With the tradition of women proposing to men on a leap day dating back to the fifth century, this year could see those proposals generating a boost to the economy of almost £50 million, according to new research.
A study from savings site, VoucherCodes.co.uk, asked heterosexual single women whether they would ever consider proposing to their other half.
Three percent of women said that they would, and a little over one in ten of those stating that they’d do it specifically because it’s a leap year (12%).
This means there could be as many as 25,784 women getting down on one knee on 29th February.
If all those who are considering proposing take the plunge on 29th February, the UK economy could see a boost of up to £48.2 million based on how much the average couple plans to spend on engagement rings alone (£1,871 per ring).
Despite the uptake in the longstanding tradition, many women believe that they should be free to propose to their male partner whenever they feel the time is right.
58% of those who say they’d propose would not wait for 29th February to come around.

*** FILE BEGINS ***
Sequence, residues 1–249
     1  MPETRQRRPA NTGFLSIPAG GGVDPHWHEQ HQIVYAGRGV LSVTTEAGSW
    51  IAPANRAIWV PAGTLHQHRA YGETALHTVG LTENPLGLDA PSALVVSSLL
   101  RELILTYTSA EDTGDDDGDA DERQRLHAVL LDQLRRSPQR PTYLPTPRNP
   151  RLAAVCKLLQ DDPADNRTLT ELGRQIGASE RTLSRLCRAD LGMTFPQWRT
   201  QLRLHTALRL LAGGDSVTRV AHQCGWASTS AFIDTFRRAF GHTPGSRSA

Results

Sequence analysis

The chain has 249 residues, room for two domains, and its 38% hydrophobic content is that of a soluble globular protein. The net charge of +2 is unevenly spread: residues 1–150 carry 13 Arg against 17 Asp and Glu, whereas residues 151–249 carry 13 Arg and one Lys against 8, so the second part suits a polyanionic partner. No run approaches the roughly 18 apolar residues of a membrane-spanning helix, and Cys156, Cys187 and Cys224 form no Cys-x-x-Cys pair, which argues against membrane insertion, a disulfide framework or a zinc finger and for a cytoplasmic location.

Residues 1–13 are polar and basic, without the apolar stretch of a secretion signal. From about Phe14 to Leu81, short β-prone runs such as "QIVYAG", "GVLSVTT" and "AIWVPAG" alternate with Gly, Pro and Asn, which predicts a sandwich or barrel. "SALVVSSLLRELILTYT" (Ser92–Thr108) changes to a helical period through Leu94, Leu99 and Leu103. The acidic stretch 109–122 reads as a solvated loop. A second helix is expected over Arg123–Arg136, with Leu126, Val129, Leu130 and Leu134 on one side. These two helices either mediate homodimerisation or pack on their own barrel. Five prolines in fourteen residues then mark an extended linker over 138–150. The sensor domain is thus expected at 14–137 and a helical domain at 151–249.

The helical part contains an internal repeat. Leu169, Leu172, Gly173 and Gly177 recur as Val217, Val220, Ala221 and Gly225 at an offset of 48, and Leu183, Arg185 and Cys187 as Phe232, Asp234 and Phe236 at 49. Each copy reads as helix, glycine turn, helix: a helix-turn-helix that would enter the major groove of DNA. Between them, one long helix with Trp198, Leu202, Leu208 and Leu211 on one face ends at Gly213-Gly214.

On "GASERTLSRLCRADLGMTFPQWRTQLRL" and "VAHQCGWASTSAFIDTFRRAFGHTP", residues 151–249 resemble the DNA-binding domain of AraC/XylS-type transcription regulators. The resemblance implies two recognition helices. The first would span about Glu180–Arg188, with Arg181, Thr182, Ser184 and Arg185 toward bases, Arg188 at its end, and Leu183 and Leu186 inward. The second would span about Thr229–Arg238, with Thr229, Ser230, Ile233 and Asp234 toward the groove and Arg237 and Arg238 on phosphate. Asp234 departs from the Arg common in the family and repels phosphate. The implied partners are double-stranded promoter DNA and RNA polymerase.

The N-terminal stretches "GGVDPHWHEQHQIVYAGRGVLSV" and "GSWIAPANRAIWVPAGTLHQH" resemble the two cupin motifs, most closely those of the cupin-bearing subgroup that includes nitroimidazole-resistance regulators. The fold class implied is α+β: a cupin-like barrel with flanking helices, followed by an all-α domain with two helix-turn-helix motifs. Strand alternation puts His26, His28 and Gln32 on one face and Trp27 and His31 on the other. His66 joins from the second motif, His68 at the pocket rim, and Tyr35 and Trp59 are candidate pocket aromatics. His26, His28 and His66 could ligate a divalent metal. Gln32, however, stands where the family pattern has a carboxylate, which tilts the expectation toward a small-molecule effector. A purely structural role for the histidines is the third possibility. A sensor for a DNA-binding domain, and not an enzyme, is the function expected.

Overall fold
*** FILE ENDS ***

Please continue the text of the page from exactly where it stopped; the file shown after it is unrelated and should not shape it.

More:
Many men are also keen on the idea of being proposed to by their girlfriend, with over a third (35%) admitting that it would take the pressure off them having to do the asking.
However, 12% would still consider it to be emasculating, while 11% would be disappointed if they were asked by their partner – but only because they wanted to be the one to get down on one knee.
Professor Joshua Bamfield, Director of the Centre for Retail Research, said: “In the modern world, when so many other traditions have been abandoned without much regret, it is surprising that 97 times out of 100 the male is the one expected to ask his partner for her hand in marriage.
“In fact, VoucherCodes’ research shows that this tradition is not universally popular.
“Twelve per cent of males faced by a woman popping the question would breathe a sigh of relief, although 11% would be disappointed as these men are keen to observe the old traditions.
“On top of the boost from the sale of engagement rings, considering the number of marriages each year in the UK, a further £95 million could be spent on wedding days resulting from female proposals this leap year.”
Anita Naik, Lifestyle Editor at VoucherCodes.co.uk added: “It’s 2020 and the tradition of men always being the one to propose could become a thing of the past.
“But, for many women, having a dedicated day for female proposals might provide the confidence they need to pop the question.
“However, no matter which partner proposes, weddings are famously one of life’s biggest expenses – with the cost of things like rings, engagement parties and the wedding itself quickly adding up”.